Image: U.S. Geological Survey
An earthquake shaking the very foundations you live on would be jeopardy enough for most people to endure, but if upon stepping outside your home you were also to find massive fissures riddling the earth, cathedral-sized alarm bells would start ringing. Fear wouldn’t be the word. Cracks appearing in the ground during major seismic events is picture book stuff, but let’s see how they look for real, while considering the forces that cause them – and the effects they have.
Cracks pass several feet in front of a house, Loma Prieta earthquake, CA, 1989.
Caused chiefly by rupturing geological faults, naturally occurring earthquakes happen almost constantly in seismic danger zones around the globe such as California, Alaska, Japan and Indonesia. Stored energy in the earth’s crust is suddenly released as if an omnipotent entity were playing with an elastic band, and the seismic waves created ripples out from the epicentre, sometimes to devastating effect.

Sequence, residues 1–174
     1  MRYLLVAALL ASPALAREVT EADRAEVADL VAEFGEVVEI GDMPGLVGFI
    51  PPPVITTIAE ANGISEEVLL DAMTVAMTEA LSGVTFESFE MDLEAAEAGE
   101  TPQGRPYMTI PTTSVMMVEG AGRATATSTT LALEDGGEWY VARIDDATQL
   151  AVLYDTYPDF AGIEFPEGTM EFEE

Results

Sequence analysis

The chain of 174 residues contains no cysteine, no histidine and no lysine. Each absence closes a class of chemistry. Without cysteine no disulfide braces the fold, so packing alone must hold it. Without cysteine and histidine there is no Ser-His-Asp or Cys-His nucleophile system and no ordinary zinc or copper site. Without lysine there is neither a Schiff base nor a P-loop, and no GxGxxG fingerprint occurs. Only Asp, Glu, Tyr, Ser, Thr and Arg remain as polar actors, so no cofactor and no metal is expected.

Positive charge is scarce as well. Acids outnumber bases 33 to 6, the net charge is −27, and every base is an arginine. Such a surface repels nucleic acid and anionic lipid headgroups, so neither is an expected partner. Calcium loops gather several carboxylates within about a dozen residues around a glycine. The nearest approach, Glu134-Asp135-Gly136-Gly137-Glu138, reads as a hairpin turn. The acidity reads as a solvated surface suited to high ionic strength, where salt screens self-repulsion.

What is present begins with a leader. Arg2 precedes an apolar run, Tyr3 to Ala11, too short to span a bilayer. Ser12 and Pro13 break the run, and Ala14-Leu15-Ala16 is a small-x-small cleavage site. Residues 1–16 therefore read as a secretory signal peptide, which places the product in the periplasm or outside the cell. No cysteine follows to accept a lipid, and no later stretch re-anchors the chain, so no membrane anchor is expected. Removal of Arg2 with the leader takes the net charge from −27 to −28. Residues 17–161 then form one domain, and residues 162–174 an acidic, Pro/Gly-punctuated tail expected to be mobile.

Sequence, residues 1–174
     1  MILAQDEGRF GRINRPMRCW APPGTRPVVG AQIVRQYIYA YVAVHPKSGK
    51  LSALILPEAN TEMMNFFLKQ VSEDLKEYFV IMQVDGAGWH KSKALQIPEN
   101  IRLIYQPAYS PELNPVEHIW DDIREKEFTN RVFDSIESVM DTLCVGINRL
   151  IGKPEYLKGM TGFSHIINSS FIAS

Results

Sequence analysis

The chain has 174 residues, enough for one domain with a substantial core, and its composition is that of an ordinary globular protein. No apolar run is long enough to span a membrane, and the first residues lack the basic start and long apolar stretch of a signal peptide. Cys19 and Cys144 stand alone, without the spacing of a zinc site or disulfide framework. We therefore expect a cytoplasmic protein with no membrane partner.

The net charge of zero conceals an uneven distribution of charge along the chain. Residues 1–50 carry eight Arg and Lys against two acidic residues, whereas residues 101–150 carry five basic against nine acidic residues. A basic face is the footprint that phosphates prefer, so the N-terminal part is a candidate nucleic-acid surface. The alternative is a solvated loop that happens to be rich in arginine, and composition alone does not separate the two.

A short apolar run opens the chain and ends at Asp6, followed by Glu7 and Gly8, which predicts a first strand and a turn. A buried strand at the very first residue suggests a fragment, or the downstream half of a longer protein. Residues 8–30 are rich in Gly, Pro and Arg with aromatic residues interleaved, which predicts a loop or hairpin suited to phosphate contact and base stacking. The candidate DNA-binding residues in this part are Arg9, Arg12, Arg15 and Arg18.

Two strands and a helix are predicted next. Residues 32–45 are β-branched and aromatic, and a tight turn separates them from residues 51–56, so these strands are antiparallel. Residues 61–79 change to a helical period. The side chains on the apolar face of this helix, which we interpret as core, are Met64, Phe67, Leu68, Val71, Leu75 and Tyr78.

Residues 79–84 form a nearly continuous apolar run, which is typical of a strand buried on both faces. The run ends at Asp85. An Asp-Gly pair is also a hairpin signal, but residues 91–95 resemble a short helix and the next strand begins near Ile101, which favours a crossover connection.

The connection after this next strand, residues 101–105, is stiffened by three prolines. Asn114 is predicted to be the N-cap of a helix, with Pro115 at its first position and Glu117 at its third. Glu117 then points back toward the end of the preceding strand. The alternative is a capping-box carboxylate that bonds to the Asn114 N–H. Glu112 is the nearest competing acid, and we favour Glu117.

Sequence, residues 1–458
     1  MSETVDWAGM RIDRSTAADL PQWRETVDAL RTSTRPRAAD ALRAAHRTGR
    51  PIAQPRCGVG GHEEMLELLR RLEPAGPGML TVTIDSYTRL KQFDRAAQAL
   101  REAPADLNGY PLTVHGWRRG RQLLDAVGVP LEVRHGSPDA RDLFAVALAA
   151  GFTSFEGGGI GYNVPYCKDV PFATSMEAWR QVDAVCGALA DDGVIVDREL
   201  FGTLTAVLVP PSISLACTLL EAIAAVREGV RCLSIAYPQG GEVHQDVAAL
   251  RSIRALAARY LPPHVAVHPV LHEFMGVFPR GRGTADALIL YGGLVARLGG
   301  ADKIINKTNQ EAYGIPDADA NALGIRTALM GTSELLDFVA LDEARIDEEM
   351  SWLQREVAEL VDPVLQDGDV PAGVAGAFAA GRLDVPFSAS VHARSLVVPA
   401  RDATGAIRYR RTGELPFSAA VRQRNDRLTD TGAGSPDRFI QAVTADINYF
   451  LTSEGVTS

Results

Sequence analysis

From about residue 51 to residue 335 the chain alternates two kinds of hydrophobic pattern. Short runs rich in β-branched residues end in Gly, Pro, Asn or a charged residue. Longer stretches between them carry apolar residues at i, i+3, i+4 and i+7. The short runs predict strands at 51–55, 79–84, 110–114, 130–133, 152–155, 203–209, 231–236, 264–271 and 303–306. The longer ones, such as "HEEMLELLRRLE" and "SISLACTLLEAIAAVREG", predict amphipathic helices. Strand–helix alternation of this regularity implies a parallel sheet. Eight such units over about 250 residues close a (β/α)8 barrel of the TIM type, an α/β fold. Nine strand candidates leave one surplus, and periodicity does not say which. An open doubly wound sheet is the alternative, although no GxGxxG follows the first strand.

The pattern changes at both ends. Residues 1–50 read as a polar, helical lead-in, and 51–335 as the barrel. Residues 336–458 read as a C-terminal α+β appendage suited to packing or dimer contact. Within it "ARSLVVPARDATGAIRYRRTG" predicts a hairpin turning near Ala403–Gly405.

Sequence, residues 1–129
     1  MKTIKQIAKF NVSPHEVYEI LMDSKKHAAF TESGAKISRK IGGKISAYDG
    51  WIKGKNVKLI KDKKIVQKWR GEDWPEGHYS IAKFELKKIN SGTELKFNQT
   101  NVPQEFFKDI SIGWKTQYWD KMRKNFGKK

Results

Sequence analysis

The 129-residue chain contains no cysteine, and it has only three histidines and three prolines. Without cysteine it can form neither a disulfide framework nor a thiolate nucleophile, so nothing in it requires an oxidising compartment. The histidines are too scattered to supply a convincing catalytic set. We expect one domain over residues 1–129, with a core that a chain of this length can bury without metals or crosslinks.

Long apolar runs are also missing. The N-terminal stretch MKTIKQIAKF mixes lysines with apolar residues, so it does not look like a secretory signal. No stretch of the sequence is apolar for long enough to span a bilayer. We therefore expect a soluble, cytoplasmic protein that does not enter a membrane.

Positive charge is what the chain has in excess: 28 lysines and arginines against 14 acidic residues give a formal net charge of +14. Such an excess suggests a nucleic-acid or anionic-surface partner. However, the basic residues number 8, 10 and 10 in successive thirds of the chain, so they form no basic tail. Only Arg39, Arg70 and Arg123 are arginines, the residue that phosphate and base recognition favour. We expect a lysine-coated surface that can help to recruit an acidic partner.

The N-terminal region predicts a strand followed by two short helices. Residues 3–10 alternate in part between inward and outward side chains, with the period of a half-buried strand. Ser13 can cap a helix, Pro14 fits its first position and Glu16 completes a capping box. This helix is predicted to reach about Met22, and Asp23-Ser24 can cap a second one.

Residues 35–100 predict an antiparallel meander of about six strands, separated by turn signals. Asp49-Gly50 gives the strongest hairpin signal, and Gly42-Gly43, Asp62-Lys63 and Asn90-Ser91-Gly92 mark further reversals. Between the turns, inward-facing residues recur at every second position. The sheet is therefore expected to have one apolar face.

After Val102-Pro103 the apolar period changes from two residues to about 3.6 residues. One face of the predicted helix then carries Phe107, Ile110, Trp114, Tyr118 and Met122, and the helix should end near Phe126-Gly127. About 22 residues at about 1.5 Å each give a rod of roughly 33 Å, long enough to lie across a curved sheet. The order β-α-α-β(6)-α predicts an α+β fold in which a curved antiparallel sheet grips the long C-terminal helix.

Crack in the ground: Great San Francisco earthquake of 1906.
Thankfully earthquakes of larger magnitudes happen less frequently, but when they do take place, they sure cause a scene. It is during these bigger quakes that folks are liable to themsleves start trembling as they witness the severe shaking that is one of the hallmarks of this natural hazard. And it is then that people are more likely to crack mentally as they see the ground beneath their feet begin to rip asunder.